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Abrogation of Article 370: Milestones and challenges

The abrogation has changed India’s political map, with Parliament, Government of India and Indian Constitution getting full jurisdiction over the region.

Rahul Anand

In year 2020, August 5 has become the historical date after Ram Mandir Bhoomi Pujan in Ayodhya. Last year, on the same date, home minister Amit Shah announced the abrogation of Article 370 and 35A in Parliament, dividing the state of Jammu & Kashmir into two Union Territories. Shah had then said: I would like to assure you the removal of (Articles) 370 and 35 (A) has paved the way for Kashmir's development. And with this, terrorists in Kashmir have started counting their final days." In an interview Shah said: "Congress leaders said in Parliament there will be bloodshed. I would like to tell them, nothing has happened. Neither a bullet has been fired, nor a death reported. Kashmir is peacefully on its path to development."

A year later, Section 144 was promulgated on August 4 in the wake of the COVID-19 and to prevent observation of ‘Black Day’ as planned by some extremists. Precautions were also being observed in the backdrop of the Ram Mandir Bhoomi Pujan. This historic division of the state into two UTs was formalised by President Ram Nath Kovind last year by signing a Presidential Order to scrap Article 370. The abrogation was proposed in the Jammu & Kashmir Reorganisation Bill, 2019, which passed by both the houses of Parliament and after receiving presidential acceptance it became an Act on August 9, 2019.

Jammu and Kashmir was a princely state in pre-Independence India. But after Partition and Independence of India, Maharaja Harisingh of Jammu and Kashmir decided to merge the state with India. He took this decision after the invasion of Jammu and Kashmir by Pakistan-backed tribals. Due to external and internal circumstances, Article 370 was forced to place in the Indian Constitution. Still the conditions did not change. Due to this, Kashmir has been suffering from extremism and violence for a long time. It served to widen the gap between Kashmir and other states. Due to Article 370, India's security challenges from neighbours like Pakistan and China become more complicated.

What changed on Aug 5, 2019

The abrogation has changed India’s political map, with Parliament, Government of India and Indian Constitution getting full jurisdiction over the region.

1. State laws were scrapped and both UTs got lieutenant-governors since the division came into effect on 31 October.

2. Jammu & Kashmir was turned into a UT with A legislative (along the lines of Puducherry and Delhi NCR).

3. Ladakh remained a UT under central rule.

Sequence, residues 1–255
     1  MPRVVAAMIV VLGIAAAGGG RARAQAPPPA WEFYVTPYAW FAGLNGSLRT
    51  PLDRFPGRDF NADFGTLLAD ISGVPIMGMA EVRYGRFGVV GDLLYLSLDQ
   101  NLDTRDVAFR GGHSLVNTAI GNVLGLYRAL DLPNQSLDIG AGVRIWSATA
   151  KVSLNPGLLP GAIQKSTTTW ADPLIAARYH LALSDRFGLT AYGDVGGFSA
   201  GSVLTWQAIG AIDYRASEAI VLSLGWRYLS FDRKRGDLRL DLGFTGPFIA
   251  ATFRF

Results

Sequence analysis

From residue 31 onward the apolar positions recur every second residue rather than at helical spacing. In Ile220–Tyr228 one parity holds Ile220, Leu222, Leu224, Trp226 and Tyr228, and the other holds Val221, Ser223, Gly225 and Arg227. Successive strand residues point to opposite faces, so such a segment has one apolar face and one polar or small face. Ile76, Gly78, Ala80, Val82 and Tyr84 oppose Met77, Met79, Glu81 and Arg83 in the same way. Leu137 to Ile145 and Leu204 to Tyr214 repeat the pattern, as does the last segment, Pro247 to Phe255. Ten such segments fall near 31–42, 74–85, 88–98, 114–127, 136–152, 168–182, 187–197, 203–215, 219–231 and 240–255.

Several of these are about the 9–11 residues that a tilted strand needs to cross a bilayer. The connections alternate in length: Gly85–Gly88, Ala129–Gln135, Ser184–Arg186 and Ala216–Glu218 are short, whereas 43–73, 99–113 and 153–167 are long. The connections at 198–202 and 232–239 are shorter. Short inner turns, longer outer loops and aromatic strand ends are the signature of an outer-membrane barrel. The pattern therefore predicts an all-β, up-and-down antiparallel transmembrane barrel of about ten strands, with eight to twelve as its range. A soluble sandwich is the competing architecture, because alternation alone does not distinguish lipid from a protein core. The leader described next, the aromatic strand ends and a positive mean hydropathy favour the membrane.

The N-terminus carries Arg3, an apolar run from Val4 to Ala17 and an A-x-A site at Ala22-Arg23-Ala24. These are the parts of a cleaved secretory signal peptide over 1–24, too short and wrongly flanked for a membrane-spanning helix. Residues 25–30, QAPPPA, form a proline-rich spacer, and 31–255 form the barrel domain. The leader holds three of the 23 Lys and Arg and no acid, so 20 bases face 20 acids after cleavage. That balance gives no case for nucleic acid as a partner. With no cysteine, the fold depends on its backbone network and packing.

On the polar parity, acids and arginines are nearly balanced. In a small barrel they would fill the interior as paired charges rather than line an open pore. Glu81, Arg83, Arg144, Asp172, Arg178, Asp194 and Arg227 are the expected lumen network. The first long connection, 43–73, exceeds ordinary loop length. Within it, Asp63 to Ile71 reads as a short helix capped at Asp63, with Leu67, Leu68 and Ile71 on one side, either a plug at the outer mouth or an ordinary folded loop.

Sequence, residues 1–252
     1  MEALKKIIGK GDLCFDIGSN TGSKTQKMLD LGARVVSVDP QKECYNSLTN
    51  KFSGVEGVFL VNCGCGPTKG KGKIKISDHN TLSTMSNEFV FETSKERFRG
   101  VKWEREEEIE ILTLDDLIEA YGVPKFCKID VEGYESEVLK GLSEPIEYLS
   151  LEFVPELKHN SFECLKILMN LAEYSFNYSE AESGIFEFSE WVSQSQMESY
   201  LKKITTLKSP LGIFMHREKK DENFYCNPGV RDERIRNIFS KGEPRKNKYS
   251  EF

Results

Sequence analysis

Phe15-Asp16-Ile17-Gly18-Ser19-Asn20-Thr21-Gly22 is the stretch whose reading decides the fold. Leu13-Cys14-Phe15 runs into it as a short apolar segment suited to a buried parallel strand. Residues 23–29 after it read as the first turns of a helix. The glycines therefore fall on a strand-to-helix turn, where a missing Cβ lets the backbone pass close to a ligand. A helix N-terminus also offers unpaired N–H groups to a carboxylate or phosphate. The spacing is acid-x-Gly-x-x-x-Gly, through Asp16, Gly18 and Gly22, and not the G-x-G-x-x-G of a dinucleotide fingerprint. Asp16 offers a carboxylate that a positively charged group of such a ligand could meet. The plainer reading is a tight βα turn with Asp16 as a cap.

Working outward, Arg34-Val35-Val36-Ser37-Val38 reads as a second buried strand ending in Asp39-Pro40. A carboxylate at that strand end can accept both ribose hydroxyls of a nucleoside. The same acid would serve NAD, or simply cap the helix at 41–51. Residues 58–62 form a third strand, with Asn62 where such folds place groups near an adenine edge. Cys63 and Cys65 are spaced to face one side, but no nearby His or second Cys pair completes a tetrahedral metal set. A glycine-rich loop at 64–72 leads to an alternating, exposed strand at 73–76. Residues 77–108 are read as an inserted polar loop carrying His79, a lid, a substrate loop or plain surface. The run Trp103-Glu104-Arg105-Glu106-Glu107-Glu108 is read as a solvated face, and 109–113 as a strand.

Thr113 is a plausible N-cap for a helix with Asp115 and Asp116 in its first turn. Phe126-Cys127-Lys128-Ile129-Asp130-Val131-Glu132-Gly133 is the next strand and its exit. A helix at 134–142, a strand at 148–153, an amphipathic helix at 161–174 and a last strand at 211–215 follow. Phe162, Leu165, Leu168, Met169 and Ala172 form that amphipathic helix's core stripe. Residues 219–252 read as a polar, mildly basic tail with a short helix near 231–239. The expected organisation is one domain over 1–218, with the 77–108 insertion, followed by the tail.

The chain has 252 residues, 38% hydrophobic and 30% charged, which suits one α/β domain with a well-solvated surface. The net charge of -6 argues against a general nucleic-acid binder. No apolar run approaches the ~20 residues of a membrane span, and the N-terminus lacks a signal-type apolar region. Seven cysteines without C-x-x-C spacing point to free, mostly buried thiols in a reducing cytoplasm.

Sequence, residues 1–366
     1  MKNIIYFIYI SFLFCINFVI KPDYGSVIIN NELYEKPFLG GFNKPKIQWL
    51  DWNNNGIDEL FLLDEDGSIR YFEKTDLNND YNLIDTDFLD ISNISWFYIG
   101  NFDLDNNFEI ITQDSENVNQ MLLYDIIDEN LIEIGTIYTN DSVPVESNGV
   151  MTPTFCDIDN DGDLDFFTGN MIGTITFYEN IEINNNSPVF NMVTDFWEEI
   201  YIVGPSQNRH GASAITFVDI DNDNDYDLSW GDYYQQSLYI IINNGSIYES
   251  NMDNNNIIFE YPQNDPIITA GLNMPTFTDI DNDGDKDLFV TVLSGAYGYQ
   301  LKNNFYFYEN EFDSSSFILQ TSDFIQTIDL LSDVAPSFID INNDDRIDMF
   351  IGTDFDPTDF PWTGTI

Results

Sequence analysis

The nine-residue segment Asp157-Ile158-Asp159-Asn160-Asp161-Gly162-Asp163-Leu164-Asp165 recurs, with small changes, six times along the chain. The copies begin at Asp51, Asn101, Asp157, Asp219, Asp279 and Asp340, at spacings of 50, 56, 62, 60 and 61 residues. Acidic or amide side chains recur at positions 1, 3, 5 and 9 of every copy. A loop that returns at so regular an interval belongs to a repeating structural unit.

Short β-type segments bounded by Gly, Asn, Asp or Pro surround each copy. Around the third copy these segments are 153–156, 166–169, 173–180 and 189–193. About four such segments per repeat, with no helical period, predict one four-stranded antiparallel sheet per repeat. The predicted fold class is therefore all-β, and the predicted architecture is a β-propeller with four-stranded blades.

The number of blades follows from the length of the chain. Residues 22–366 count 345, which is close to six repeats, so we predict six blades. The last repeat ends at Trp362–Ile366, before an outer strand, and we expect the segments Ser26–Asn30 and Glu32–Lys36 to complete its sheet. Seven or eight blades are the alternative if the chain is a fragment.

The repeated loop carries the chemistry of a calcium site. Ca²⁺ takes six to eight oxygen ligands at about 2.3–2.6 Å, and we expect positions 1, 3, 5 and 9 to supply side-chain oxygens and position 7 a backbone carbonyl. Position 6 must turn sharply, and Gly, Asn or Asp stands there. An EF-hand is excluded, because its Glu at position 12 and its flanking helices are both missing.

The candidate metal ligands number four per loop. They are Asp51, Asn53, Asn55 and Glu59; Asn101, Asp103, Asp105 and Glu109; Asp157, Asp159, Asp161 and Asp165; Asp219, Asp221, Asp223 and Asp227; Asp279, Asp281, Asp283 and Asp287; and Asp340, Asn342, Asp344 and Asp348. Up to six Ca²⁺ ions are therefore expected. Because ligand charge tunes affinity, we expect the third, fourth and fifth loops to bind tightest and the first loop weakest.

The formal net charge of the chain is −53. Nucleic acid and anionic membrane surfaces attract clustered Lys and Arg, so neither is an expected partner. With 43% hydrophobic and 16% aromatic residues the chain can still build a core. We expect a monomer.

4. After the removal of Article 35A, a new domicile law was introduced last year in these regions.

What is different a year after abrogation

The kind of change that was expected in development, infrastructure, corruption, employment opportunities, quality of life, etc. is still to appear in a big way. Other challenges like Pakistan-sponsored terrorism, extremism, proxy war and internet ban in the state also persist. Since the repeal of the special provisions of the state, normal life has been affected by the curfew imposed there. The problems of normal life were further complicated by Corona virus. Challenges exist on the economic front too, stalling tourism and severely affecting apple cultivation in horticulture, which contributes 8 per cent to the state's gross domestic product. Being a border state, it is also a challenge to deal with external factors.

The abolition of Article 370 has definitely opened up new possibilities for the state. To reap dividends, the government needs to make concerted efforts. Investors should be attracted, infrastructure of the state should be strengthened to ease investment and tourism, administration should be reformed and overhauled, education system should be upgraded and improved, efforts should be made to facilitate women's education, and enhance employment.

The Government of India has an opportunity to ensure peace and development in areas affected by terrorism and extremism. The residents of the state need to be freed from the atmosphere of fear and assured that the change will help in improving their future. The Gandhian path of non-violence and peace must be adopted to ensure lasting harmony in Kashmir.

(Rahul Anand is an Intern with Academics4Nation. He is a student of journalism at Benaras Hindu University)



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